For Immediate Release
March 11, 2016

New York State Division of Homeland Security and Emergency Services Reminds New Yorkers to Change the Batteries in Smoke and Carbon Monoxide Detectors This Weekend

Daylight Saving Time is a Good Opportunity to Test Life-Saving Devices

The New York State Division of Homeland Security and Emergency Services today reminded New Yorkers to change the batteries in their smoke alarms and carbon monoxide (CO) detectors.

“This weekend, as we get ready to spring ahead into Daylight Saving Time, please take a few minutes to test your smoke and carbon monoxide alarms,” said John P. Melville, Commissioner, New York State Division of Homeland Security and Emergency Services. “An early warning may be just enough time to get outside quickly in the event of a fire or carbon monoxide leak. Use this weekend to check your smoke and carbon monoxide alarms to ensure you are your family can get out in the event of an emergency.”

According to the National Fire Protection Association (NFPA), during 2009-2013, fires in homes with no smoke alarms caused an average of 940 deaths per year (38% of home fire deaths). An additional 510 people per year (21% of home fire deaths) were fatally injured in fires in which smoke alarms were present but failed to operate.  Power source problems were the leading cause of smoke alarm failures. Many fire departments throughout New York State continue to respond to calls in homes each year where there is no working smoke alarm present. Properly functioning smoke alarms are essential in saving lives from fire.

Often called the invisible killer, NFPA defines carbon monoxide as an invisible, odorless, colorless gas created when fuels (such as gasoline, wood, coal, natural gas, propane, oil, and methane) burn incompletely. Products that can produce deadly CO levels include generators and faulty, improperly-used or incorrectly-vented fuel-burning appliances such as furnaces, stoves, water heaters and fireplaces. The Center for Disease Control (CDC) estimates that more than 400 in the United States die every year from accidental non-fire related CO poisoning and in 2010, U.S. fire departments responded to approximately 80,100 non-fire CO incidents in which carbon monoxide was found, or an average of nine such calls per hour.

The symptoms of CO poisoning are similar to the flu but without the fever. They include headache, fatigue, shortness of breath, nausea and dizziness. If CO poisoning is suspected, get fresh air immediately.  Leave the home and get medical attention immediately. Call your local fire department and do not go back into the home until you are told it is safe.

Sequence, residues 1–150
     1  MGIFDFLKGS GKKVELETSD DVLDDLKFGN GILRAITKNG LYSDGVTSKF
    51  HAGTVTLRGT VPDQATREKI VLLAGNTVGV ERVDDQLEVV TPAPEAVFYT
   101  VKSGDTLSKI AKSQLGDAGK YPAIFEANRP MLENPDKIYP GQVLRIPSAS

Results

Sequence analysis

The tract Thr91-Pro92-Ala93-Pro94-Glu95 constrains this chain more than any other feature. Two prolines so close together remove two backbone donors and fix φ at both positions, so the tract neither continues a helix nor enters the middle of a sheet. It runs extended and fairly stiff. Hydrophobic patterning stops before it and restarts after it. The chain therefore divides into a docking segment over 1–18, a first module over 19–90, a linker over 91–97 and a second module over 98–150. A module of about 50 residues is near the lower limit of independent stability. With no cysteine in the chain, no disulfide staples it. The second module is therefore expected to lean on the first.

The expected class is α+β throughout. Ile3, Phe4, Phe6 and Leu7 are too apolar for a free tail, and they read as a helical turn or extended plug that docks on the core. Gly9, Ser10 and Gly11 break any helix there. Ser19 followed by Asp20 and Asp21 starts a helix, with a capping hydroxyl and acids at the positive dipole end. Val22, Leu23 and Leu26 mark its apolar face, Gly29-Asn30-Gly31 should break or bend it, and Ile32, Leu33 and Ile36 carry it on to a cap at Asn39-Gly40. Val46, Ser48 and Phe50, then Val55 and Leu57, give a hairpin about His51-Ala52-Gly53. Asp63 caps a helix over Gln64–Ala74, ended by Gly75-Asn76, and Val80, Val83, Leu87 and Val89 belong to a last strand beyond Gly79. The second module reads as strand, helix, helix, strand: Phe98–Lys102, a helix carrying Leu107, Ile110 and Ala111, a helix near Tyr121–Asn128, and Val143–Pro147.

“When you change your clocks this weekend, please also inspect your home’s smoke alarms and carbon monoxide detectors and replace the batteries, added Commissioner Melville. “Additionally, you should replace all smoke and carbon monoxide alarms when they are 10 years old or according to manufacturer’s recommendations. To determine the age of your devices, look at the back where you will find the date of manufacture.”

Bryant D. Stevens, New York State Fire Administrator said, “In addition to testing all fire and carbon monoxide detectors this weekend, remember to replace the battery in these life saving devices. Make sure you have a smoke alarm and carbon monoxide detector in every bedroom, outside each sleeping area and on every level of your home, even the basement, and test these detectors monthly. In addition, make sure you and your family have a home escape plan and know how to practice it.”

The New York State Office of Fire Prevention and Control recommends that New Yorkers take the following steps to ensure the safety of themselves and their loved ones:

  • Install smoke alarms inside every bedroom, outside each sleeping area, and on every level of the home, including the basement. CO alarms should be installed in a central location outside each sleeping area and on every level of the home and in other locations where required by applicable laws, codes or standards.
  • Interconnect all smoke alarms and CO alarms so that when one sounds, they all sound.
  • Replace all smoke and CO alarms every ten years or according to manufacturer’s recommendations, especially if they do not respond properly when tested.
  • Test all smoke and CO alarms at least once a month.
  • If you or someone in your home is deaf or hard of hearing, consider installing an alarm that combines flashing lights, vibration or sound.
  • Recognize the symptoms of carbon monoxide poisoning. Some symptoms include shortness of breath, nausea, dizziness, light headedness or headaches. High levels of CO can be fatal, causing death within minutes.
  • Choose a smoke and CO alarm that has the label of a recognized testing laboratory.
  • If the CO alarm sounds, immediately move to a fresh air location outdoors or by an open window or door. Make sure everyone inside the home is accounted for. Call for help from a fresh air location and stay there until emergency personnel arrives.
  • Do not run a vehicle or other fueled engine or motor indoors, even if garage doors are open. Make sure the exhaust pipe of a running vehicle is not covered with snow.
  • During and after a snowstorm, make sure vents for the dryer, furnace, stove, and fireplace are clear of snow build-up.
  • Generators should be used in a well-ventilated location outdoors away from windows, doors and vent openings.
  • Only use gas or charcoal grills outdoors.

For more information on smoke and CO alarms, visit the Office of Fire Prevention and Control’s website at .



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